7. Ceyhan, G., Köksalan, M., & Lokman, B. (2019). Finding a representative nondominated set for multi-objective mixed integer programs. European Journal of Operational Research, 272(1), 61–77.

Fees and funding

PhD full-time and part-time courses are eligible for the Government Doctoral Loan

2021/2022 fees (applicable for October 2021 and February 2022 start)
PhD and MPhil

Home/EU/CI full-time students: £4,407 p/a*
Home/EU/CI part-time students: £2,204 p/a*
International full-time students: £16,300–£17,600 p/a
International part-time students: £8,150–£8,800 p/a

PhD by Publication 

External candidates: £4,407*
Members of staff: £1,720 

All fees are subject to annual increase. If you are an EU student starting a programme in 2021/22 please visit this page.

*This is the 2020/21 UK Research and Innovation (UKRI) maximum studentship fee; this fee will increase to the 2021/22 UKRI maximum studentship fee when UKRI announces this rate in Spring 2021.

Bench fees

Some PhD projects may include additional fees – known as bench fees – for equipment and other consumables, and these will be added to your standard tuition fee. Speak to the supervisory team during your interview about any additional fees you may have to pay. Please note, bench fees are not eligible for discounts and are non-refundable. 

Entry requirements

Entry requirements

You'll need a good first degree from an internationally recognised university (minimum upper second class or equivalent, depending on your chosen course) or a Master’s degree in an appropriate subject. In exceptional cases, we may consider equivalent professional experience and/or qualifications. English language proficiency at a minimum of IELTS band 6.5 with no component score below 6.0.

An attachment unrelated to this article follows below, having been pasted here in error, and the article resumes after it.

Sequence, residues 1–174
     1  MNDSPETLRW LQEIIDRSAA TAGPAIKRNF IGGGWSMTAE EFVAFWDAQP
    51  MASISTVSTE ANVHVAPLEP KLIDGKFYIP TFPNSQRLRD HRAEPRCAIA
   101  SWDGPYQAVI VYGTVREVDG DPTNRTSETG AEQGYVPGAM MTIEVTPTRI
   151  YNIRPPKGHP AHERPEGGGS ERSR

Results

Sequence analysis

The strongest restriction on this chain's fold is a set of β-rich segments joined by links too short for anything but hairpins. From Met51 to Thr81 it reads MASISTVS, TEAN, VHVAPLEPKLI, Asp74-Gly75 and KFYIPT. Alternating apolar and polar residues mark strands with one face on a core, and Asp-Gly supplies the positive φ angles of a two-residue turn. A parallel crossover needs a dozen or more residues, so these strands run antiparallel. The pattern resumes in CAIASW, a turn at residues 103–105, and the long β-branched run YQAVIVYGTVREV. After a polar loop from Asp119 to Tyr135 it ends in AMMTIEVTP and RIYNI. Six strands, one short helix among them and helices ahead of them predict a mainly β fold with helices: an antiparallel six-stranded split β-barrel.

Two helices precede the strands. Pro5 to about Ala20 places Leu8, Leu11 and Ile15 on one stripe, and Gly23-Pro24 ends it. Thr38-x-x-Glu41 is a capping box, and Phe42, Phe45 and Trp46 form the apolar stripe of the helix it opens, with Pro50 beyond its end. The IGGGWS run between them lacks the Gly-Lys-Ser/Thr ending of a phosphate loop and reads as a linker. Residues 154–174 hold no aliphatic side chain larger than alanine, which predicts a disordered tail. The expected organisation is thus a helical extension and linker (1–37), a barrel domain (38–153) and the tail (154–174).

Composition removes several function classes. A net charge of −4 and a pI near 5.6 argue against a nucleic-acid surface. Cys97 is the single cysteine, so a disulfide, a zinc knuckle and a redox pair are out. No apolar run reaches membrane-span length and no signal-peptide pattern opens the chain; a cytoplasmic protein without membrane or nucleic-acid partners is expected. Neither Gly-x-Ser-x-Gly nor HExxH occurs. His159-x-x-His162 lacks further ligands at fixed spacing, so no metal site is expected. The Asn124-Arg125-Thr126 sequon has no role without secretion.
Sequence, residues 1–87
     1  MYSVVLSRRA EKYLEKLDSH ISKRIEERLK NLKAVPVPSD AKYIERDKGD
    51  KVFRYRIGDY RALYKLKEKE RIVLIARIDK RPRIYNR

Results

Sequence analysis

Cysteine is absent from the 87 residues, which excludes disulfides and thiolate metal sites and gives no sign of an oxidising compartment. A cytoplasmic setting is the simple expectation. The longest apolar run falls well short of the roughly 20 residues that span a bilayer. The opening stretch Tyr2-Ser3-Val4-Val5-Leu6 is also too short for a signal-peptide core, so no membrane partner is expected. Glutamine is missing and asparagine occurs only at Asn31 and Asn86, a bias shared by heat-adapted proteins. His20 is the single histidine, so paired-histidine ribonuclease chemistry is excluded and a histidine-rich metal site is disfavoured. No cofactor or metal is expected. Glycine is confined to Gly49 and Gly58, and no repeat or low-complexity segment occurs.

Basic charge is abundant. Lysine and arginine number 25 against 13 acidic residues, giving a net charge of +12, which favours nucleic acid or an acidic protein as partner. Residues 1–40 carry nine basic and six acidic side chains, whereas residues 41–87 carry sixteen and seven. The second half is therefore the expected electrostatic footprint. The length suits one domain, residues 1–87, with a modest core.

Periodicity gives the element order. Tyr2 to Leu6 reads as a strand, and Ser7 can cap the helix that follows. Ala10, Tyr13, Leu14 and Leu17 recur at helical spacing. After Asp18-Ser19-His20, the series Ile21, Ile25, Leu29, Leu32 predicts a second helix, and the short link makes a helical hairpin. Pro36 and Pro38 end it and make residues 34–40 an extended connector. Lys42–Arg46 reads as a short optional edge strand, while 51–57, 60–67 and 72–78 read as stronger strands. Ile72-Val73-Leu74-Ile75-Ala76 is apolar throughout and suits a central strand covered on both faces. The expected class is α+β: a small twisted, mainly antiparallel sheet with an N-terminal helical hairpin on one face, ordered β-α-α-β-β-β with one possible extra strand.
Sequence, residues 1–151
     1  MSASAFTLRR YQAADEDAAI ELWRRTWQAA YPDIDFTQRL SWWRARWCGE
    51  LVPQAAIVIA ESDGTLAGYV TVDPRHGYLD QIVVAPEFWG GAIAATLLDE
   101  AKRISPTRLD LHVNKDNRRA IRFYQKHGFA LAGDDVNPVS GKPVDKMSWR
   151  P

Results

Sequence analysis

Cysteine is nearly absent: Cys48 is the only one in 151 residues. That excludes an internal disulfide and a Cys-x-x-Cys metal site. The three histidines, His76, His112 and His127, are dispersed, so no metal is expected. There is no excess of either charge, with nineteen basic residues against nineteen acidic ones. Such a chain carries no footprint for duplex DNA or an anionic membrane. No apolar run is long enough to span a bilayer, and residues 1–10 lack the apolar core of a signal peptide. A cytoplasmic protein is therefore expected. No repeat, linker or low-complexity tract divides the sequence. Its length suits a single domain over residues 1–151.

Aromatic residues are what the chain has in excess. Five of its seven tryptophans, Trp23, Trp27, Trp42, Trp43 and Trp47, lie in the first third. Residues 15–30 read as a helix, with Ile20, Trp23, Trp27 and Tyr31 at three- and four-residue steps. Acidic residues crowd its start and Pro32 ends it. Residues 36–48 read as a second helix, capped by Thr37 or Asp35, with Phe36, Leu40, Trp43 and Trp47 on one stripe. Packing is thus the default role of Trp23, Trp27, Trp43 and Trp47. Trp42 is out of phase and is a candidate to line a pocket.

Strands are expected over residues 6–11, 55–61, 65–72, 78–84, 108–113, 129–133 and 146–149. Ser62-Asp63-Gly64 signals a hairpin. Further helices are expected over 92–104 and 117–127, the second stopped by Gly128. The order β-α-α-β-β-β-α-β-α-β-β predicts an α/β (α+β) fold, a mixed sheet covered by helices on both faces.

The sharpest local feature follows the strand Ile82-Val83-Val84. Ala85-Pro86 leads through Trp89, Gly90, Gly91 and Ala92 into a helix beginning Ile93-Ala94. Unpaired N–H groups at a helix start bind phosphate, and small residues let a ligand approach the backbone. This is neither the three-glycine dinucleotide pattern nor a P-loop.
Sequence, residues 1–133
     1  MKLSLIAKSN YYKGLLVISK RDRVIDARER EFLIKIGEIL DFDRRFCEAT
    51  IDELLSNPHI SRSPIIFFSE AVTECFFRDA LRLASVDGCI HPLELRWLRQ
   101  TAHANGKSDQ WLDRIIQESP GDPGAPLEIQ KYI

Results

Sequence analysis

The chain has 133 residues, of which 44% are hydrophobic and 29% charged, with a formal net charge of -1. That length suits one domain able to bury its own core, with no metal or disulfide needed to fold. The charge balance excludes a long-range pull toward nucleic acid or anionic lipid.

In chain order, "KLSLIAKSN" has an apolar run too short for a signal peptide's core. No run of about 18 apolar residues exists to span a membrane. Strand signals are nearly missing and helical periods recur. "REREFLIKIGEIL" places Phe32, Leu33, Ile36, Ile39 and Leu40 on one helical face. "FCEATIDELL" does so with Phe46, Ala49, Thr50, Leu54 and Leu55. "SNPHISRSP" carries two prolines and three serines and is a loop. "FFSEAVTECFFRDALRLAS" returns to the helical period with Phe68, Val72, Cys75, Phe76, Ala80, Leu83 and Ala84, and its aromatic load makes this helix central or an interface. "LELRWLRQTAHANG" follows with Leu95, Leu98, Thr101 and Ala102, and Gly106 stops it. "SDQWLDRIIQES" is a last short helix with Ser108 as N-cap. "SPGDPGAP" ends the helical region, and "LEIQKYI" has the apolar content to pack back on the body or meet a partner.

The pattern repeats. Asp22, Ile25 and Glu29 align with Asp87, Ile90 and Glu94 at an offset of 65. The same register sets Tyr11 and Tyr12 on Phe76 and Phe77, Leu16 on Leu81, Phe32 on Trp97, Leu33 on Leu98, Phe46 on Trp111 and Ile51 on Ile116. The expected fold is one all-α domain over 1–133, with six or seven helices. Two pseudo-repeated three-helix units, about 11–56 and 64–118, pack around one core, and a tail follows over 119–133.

We welcome applications from highly motivated prospective students with a background in Operations Research (e.g. industrial engineering, business and management, computer science, mathematics and other relevant disciplines) with an interest in multi-criteria decision making. A familiarity with multi-objective optimization and facility location problems are desirable (not essential). We are also interested in candidates who are familiar with the interactive algorithms to solve multi-objective optimization problems. We encourage prospective students to design their own research strategies depending on their interest and core skills.

How to apply

We’d encourage you to contact Dr Banu Lokman at to discuss your interest before you apply, quoting the project code.

When you are ready to apply, you can use our online application form. Make sure you submit a personal statement, proof of your degrees and grades, details of two referees, proof of your English language proficiency and an up-to-date CV.  Our ‘How to Apply’ page offers further guidance on the PhD application process. 

Please also include a research proposal of 1,000 words outlining the main features of your proposed research design – including how it meets the stated objectives, the challenges this project may present, and how the work will build on or challenge existing research in the above field.

If you want to be considered for this self-funded PhD opportunity you must quote project code O&SM5110220 when applying.

October start

Apply now

February start

Apply now